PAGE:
V-Tail Planes

A common alternative to a traditional elevator and rudder is a V-Tail, or an ATail (an upside down V-Tail).

A V-Tail aircraft has the same functionality as a standard aircraft, but it requires special configuration of the servo outputs. Do not use V-Tail mixing on the transmitter. Although you may choose custom channels, the typical V-Tail setup uses channel 2 and 4 for the servo outputs.


Remove the propeller from the aircraft before starting the setup process.

Configuration & Setup

The most important step to setting up the plane is having the correct inputs, outputs, and reversals. Inputs are covered on the RC input setup page. After the RC inputs are configured, configure the outputs.


Make sure the AHRS_ORIENT is set correctly for the autopilot. If it is incorrect, this setup will fail, and the plane may crash upon entry into any stabilize mode.

Servo cables can be connected to any output of the autopilot, but using the default channels 1-4 listed below is recommended. Set the SERVOn_FUNCTIONS to the appropriate values.

SERVO2_FUNCTION79left V-tail
SERVO4_FUNCTION80right V-tail

Servo Function & Reversal

The next step is to correct the V-Tail functions and reversals. Both the function and reversal go hand-in-hand, so modifying one may partially change the behavior of the other. Connect the battery (with propeller removed) and turn on the RC transmitter. Switch to FBWA mode using the function switch or a ground station command, and disable the safety switch (if fitted).

When the plane is level, the servos should be near their trim values. Move the plane and leave the transmitter sticks centered while monitoring the control surfaces to determine if the function and reversals are correct. See the table for the correct control surface response to the movements. In each instance, the plane should move its control surfaces to level itself.

Roll Plane RightLeft aileron moves up and right aileron moves down
Roll Plane LeftLeft aileron moves down and right aileron moves up
Pitch plane upBoth tail surfaces move down
Pitch plane downBoth tail surfaces move up
Roll Plane RightBoth tail surfaces move left
Roll Plane LeftBoth tail surfaces move right

If the ailerons do not respond correctly, reverse the output by changing the corresponding SERVOn_REVERSED setting (from 0 to 1, or from 1 to 0).

If the V-tails do not respond correctly, change parameters using the following table to enable the correct behavior. Work on one channel at a time to avoid confusion.

Control Surface ResponseCorrective Action
Correct for 1 movement (pitch or roll), but not the otherChange the function (from 79 to 80; or 80 to 79)
Incorrect for both movements (pitch and roll)Change the reversal of that channel


KFF_RDDRMIX mut not be set to 0 for rudder setup. If the plane actually needs 0, then reset it after this setup.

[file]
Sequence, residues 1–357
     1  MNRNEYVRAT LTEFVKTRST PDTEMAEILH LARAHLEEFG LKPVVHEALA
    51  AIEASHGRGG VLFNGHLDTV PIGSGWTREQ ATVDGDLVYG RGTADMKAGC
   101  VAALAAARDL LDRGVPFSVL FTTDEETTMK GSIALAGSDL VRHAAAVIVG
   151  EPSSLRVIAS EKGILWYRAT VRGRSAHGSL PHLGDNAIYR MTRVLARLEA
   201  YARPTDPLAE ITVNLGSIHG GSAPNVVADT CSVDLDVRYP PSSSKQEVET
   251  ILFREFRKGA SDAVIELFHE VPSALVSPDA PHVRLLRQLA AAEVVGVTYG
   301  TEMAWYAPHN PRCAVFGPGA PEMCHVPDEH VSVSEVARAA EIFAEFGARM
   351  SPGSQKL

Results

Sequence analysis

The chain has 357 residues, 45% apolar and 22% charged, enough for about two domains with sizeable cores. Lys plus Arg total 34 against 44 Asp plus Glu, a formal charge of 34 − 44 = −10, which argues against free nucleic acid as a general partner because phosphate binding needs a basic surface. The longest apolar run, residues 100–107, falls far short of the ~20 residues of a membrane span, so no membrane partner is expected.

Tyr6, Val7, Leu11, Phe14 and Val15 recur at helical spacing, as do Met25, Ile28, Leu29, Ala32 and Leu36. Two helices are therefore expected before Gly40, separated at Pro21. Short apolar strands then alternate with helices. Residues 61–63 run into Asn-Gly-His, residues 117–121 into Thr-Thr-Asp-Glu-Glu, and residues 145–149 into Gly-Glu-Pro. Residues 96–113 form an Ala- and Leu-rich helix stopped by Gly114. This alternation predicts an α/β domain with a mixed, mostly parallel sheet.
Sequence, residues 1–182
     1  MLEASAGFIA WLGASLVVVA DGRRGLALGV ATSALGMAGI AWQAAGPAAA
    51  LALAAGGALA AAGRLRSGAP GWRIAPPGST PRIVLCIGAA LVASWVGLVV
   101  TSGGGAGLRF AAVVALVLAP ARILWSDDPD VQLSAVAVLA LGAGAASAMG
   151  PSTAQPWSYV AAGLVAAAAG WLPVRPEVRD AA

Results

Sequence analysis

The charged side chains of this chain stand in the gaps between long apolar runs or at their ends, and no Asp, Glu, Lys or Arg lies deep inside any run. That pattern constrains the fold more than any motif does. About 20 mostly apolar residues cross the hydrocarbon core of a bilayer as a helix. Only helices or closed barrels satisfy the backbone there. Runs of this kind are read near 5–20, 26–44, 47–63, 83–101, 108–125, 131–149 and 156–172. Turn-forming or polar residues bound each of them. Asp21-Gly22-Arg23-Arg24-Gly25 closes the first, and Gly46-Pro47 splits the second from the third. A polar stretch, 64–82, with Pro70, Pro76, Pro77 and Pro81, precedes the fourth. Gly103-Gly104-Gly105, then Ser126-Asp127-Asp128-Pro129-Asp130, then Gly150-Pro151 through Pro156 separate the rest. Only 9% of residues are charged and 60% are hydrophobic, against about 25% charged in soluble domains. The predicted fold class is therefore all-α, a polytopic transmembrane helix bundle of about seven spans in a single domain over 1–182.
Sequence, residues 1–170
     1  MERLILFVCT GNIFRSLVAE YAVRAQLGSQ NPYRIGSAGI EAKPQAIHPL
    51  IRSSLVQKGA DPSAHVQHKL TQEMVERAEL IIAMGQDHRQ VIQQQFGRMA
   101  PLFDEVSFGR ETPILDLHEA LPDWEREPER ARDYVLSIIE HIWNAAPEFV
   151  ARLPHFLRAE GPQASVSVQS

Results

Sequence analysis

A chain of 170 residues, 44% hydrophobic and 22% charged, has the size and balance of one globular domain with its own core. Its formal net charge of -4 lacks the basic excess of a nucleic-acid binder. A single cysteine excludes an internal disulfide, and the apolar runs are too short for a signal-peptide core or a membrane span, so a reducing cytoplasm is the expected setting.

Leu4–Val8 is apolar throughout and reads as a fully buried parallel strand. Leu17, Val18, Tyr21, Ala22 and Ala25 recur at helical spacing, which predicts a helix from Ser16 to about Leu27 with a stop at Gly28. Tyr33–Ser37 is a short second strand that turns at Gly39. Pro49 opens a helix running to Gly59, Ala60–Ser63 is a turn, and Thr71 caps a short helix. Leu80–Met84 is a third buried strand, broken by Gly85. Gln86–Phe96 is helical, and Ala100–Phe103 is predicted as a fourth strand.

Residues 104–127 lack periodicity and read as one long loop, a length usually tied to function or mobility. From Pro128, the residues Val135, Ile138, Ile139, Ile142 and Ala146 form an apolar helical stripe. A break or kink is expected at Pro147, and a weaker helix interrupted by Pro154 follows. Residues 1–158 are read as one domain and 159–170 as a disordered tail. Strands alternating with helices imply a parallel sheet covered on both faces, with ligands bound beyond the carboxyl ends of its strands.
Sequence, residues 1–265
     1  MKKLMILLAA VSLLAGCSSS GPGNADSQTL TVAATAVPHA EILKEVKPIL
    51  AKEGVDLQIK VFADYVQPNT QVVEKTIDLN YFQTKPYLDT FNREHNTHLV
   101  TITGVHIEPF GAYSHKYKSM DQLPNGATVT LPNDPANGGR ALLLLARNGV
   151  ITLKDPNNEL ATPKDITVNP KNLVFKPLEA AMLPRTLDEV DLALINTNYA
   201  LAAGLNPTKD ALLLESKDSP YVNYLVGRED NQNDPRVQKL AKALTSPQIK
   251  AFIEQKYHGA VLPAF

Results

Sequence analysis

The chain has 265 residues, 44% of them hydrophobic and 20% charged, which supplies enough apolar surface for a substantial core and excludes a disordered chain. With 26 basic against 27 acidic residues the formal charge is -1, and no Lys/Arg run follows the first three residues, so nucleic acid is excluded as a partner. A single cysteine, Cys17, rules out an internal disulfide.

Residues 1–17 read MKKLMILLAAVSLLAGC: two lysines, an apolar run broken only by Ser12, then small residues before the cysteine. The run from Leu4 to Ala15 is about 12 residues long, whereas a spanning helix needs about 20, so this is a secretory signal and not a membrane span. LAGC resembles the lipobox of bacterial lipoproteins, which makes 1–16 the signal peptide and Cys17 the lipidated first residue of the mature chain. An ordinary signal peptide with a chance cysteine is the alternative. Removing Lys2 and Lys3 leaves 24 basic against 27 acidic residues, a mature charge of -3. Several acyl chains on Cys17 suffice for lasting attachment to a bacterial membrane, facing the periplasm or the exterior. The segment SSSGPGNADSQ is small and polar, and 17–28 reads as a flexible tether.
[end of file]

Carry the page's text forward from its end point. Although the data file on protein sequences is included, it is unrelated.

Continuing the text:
KFF_RDDRMIX should cause the tail surfaces point in the direction of the raised aileron.

Confirm RC Transmitter Input

Keep the plane level in FBWA mode and command the following inputs:

Roll RightRight aileron moves up and left aileron moves down
Roll LeftLeft aileron moves up and right aileron moves down
Pitch upBoth tail surfaces moveup
Pitch downBoth tail surfaces move down
Yaw rightBoth tail surfaces move right
Yaw leftBoth tail surfaces move left

Double check MANUAL mode for the inputs as well. If everything is setup correctly, the plane should be almost ready to fly.

ATail Planes

With “A-Tail” planes (an inverted V-Tail), the control surface movements referenced above should still be the same directions. It is likely that the servo reversal or function will be opposite from a similar V-Tail setup.

Servo Trim

Switch back to MANUAL mode in order to adjust the servo trim values. The servo trim is in the SERVOn_TRIM parameters.

Adjust the trim values so that the servo is centered when the transmitter sticks are centered. If the trim value is not between 1450 and 1550 PWM, mechanical trim adjustment is recommended.

Servo Throw

Finally adjust the servo throws (range of movement for each of the servos).

Check any instructions that came with the plane for suggested throw values. These are often specified in millimeters or inches of movement of the trailing edge of the control surface close to the fuselage. If suggested throw values are not found, then choose a throw that doesn’t cause the servos to “bind” (often indicated by a high pitched sound when servos stall).

To adjust the throw, change the SERVOn_MIN and SERVOn_MAX values. The defaults are 1100 to 1900. On many aircraft, more throw may be desired. Changing throws to 1000 to 2000 or beyond is normal. Make sure that the servos are still moving when nearing the extrememe values.


To get to maximum throw on V-Tail control surfaces, command pitch and yaw at the same time in MANUAL mode.

Mixing Gain

The MIXING_GAIN parameter is critical for vtail aircraft. It is the gain used in mixing between yaw and pitch output and the vtail movement. For example, if MIXING_GAIN is 0.5, then the following outputs are used:

  • LEFT_VTAIL = (yaw+pitch)*0.5
  • RIGHT_VTAIL = (yaw-pitch)*0.5

Adjusting the MIXING_GAIN controls the percentabe of throws from pitch vs yaw.

Final Setup

After completing the V-Tail guide, move onto the final setup of the aircraft.